Zurik: Legal action puts a muzzle on state watchdog

Zurik: Legal action puts a muzzle on state watchdog
Jefferson Parish 2nd District Justice of the Peace Patrick DeJean (NOLA.com photo)
Jefferson Parish 2nd District Justice of the Peace Patrick DeJean (NOLA.com photo)
Slidell Memorial Hospital CEO Bill Davis
Slidell Memorial Hospital CEO Bill Davis

BATON ROUGE, LA (WVUE) - A few weeks after we showed you a Jefferson Parish elected official drinking in a bar, the state's legislative auditor raided that elected official's house. But 18 months after that investigation picked up, the auditor is unable to release a report that would reveal whether they found any wrongdoing.

"It's a big concern for me," says Legislative Auditor Daryl Purpera.

That report on Constable Tony Thomassie is tied up in the courts - not because of Thomassie, but because of a lawsuit filed by Justice of the Peace Patrick DeJean, of Jefferson Parish's Second Justice Court in Marrero. The auditor launched an investigation into Thomassie and DeJean, and has findings on both in a report that was ready to be released publically in March. But DeJean filed suit, trying to prevent its release.

"We actually have won it at the lower court level," Purpera recounts, "and he expressed his will, his desire to appeal it.  And so we have to now wait for the appeal process."

The auditor can't release the report until a judge gives his approval.  But if another public body got a copy, nothing would prevent them from handing it over to us.

So we tried to get a copy of the draft report from the justice of the peace himself, through a public records request.  He sent us a letter, saying he has not received any such reports.

The auditor says that's not true. "We provided him a copy back in March," Purpera tells us.

When we requested a statement from DeJean Wednesday about the audit, he sent this statement:

First I was never informed that an audit was being done on anyone except Thomassie.  This was witnessed by others that only Thomassie was being audited.  I did not find out otherwise until after the so called completed audit.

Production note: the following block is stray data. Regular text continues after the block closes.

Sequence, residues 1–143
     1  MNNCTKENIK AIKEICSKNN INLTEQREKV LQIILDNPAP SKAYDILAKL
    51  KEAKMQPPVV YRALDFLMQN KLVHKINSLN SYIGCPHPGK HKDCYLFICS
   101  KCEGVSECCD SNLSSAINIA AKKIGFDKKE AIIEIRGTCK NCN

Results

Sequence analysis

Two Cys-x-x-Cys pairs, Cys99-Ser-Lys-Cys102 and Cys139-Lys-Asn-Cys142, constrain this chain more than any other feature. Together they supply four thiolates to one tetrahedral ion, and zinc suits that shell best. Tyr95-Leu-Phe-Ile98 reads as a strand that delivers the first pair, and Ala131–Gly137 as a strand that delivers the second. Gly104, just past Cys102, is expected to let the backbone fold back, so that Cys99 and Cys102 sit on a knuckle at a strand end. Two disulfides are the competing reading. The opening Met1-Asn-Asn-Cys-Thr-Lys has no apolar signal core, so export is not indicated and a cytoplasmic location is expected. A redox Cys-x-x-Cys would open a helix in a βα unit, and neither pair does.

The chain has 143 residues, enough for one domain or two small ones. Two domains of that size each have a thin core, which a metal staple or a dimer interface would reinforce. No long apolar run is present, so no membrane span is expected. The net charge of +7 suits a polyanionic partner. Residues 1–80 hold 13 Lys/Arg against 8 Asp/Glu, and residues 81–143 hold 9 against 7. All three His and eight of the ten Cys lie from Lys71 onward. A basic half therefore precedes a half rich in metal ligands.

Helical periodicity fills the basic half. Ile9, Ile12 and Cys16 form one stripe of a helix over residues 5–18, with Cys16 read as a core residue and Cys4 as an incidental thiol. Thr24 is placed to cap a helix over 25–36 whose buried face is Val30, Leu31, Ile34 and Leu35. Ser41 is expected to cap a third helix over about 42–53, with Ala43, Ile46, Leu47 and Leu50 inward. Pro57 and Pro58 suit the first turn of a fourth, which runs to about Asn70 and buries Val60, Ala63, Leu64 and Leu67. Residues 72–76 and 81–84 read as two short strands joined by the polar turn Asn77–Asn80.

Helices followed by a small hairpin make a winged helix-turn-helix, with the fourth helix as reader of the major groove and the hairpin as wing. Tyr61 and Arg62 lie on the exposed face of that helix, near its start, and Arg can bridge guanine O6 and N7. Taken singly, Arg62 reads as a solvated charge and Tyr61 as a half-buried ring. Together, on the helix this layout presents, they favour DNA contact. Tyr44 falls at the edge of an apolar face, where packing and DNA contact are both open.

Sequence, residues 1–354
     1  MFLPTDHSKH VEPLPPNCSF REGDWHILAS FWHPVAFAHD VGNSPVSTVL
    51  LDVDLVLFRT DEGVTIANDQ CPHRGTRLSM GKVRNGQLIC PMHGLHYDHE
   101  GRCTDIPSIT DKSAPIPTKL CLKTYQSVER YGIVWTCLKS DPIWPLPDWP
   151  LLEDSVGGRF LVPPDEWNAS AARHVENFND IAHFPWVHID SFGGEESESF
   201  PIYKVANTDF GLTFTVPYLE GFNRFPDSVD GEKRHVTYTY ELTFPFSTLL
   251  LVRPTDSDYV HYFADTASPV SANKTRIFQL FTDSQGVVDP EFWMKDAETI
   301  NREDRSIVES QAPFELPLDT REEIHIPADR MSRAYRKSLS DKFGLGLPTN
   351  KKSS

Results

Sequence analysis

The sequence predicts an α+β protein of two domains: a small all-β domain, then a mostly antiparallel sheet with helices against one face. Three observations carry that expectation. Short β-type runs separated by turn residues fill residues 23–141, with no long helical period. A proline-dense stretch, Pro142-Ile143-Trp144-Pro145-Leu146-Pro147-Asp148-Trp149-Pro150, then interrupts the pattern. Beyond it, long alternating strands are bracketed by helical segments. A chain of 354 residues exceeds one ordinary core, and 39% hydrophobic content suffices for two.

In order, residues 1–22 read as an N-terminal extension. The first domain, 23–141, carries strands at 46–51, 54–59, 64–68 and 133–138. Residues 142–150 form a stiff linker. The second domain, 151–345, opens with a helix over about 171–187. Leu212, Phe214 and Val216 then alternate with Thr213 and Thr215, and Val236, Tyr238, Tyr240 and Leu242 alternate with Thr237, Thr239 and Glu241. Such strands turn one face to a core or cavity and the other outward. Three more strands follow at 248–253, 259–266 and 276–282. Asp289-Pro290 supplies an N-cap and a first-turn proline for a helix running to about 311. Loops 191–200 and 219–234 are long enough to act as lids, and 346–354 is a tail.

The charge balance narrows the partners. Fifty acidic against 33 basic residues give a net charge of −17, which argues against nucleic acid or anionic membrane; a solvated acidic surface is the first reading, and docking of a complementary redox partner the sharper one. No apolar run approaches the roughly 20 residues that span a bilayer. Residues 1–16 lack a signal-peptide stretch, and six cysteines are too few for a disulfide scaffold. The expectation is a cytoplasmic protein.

So while the courts work through the appeal process, the public has no idea how its money was spent by either the justice of the peace or the constable.

"The public has a right to know," Purpera insists. "I know they have the desire to know - they need to know how their money's being spent.  And this office is all about getting the facts, putting sunshine on it, letting the public know how their officials are using their jobs and what they're doing with those offices."

There's more.  Right now, the auditor's office is fighting another battle in the courtroom.

"I've been working here at the legislative auditor's office for 31 and a half years," the auditor says. "And all that time, this is the first occasion where we have public entities using the court system to prohibit and slow down and prevent us from issuing audit reports."

Last year, legislators passed a law requiring all public entities receiving public money to disclose the compensation paid to their chief executive officer or their highest-ranking employee. All have complied but one - Slidell Memorial Hospital.

"And they immediately went to court to prohibit me from issuing that report publically," Purpera tells us. "So they didn't want to be in violation of the law that requires them to put the information in the report, but they also didn't want the information to be disseminated to the public."

Slidell Memorial, a public hospital, doesn't want the public to know how much CEO Bill Davis is being paid.

"Doesn't mean it's improper or anything like that," Purpera notes.  "It's disclosure, it's putting sunshine on it."

He says the hospital is trying to hide behind a law that allows them to withhold releasing information that would hurt their ability to compete with other hospitals.

"In my view, it doesn't," Purpera says.

One reason why is that all other public hospitals in the state have released their CEO compensation.  So we know Mark Peters at East Jefferson made $691,190; Patti Ellish at St. Tammany Hospital made $460,447.  All other salaries have been released, other than that of Bill Davis, who's trying to keep his private.

Purpera says he thinks his office, and the public, will prevail in both court cases. But he says it's frustrating and time-consuming for him, battling public officials who don't want public information released.

"it's disheartening but it's, I think, even more kind of a sign of the times," Purpera says, "that you've got various actors in some government agencies - they don't want the public to know the truth of what's happening with public dollars."

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